1Danish Institute of Agricultural Sciences, Department of Plant Protection, Flakkebjerg , DK-4200 Slagelse, Denmark. 2Department of Plant Biology and Biogeochemistry, Risø National Laboratory, DK-4000 Roskilde, Denmark

Background and objectives
In Denmark over the last 15 to 20 years, the most commonly used fungicides for controlling powdery mildew have been propiconazole and fenpropimorph. The rates at which these have been applied have been reduced over the last ten years. There has been much debate about the effects of using reduced rates on evolution of fungicide resistance. A project was started to investigate the effect of reduced doses of fungicide on population structure and the rate of development of fungicide resistance. In order to speed up the process of evolution and contain the pathogen population, the experiment was carried out in the laboratory.

Materials and methods
The initial barley mildew population was made up of samples collected using stationary spore traps, before fungicides had been applied to spring cereals. The initial population was split into smaller populations, which were propagated for 31 generations in boxes (1m x 1m x 1m) in a glasshouse (150C). The populations were grown on barley treated with a spray of Corbel (750 mg/l fenpropimorph) with two dosage rates (0.3 mg/l and 5 mg/l, the doses which killed 50% and 95% of sampled mildew populations). An untreated control was also included in the experiment. Single colony isolates were taken from the start population, after 15 generations and at the end of the experiment (31 generations). These were tested for their fenpropimorph sensitivity and virulence spectrum.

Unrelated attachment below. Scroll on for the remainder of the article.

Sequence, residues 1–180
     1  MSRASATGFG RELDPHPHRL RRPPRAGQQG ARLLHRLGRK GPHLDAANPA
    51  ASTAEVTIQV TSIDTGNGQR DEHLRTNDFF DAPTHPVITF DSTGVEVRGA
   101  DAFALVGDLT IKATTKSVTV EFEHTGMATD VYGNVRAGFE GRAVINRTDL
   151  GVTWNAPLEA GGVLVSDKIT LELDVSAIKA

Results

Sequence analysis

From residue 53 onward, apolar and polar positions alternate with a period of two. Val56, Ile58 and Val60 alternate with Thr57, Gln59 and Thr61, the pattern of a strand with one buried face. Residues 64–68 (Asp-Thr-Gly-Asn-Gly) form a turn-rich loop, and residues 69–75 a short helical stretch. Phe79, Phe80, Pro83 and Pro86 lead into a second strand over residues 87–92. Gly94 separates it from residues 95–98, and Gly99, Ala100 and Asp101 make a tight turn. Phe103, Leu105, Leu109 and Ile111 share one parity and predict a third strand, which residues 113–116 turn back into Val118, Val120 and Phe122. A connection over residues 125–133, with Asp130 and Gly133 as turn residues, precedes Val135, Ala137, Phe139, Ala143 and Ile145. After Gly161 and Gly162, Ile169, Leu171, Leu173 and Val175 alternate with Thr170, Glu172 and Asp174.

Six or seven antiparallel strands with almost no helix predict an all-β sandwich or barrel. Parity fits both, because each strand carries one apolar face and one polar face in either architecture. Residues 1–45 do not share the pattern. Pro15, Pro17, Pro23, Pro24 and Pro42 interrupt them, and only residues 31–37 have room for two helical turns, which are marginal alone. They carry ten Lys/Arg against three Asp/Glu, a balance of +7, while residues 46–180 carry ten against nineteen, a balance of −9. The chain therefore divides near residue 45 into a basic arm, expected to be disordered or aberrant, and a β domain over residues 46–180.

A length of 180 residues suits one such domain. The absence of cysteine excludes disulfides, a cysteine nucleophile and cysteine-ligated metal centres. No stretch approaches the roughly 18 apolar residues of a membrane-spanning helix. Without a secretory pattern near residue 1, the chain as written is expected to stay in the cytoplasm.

Results and conclusions
The results show that using different doses of fenpropimorph have different effects on mildew populations. Fungicide resistance increased in both treatments, but this increase was greater in the populations treated with the higher dose. Differences could also be seen in the population structures. In the high dose treatment, the population became dominated by a single pathotype, whereas the other populations were more diverse.
The results suggest that fenpropimorph dose only has a small effect on resistance in a population so any effect of a strategy of applying reduced doses of fungicides like fenpropimorph would only be seen after many years. This correlates well with what is seen in the fields. Monitoring in Denmark 1992-1996 (and also many other European countries) has shown that there has only been a small change in fenpropimorph sensitivity in barley powdery mildew, in spite of intensive sprayings.
Optimising dose rates to control mildew resistance should be a balance between keeping the doses high enough to keep the amount of mildew at an economically acceptable level, and minimising the rate at which resistance builds up in the pathogen population.